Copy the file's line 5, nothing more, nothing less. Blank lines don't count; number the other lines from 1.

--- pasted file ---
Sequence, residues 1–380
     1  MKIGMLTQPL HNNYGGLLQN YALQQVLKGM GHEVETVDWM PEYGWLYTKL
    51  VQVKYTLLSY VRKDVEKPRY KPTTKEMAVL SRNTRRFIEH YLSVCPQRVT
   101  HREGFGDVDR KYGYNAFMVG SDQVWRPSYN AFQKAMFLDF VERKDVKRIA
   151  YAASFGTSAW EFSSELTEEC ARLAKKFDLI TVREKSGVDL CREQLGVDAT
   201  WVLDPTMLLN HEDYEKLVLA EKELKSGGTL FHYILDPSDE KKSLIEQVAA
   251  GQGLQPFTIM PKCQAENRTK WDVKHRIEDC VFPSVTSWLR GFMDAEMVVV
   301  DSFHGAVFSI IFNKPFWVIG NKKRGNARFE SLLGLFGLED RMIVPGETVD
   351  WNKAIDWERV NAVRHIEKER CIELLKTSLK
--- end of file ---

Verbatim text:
   151  YAASFGTSAW EFSSELTEEC ARLAKKFDLI TVREKSGVDL CREQLGVDAT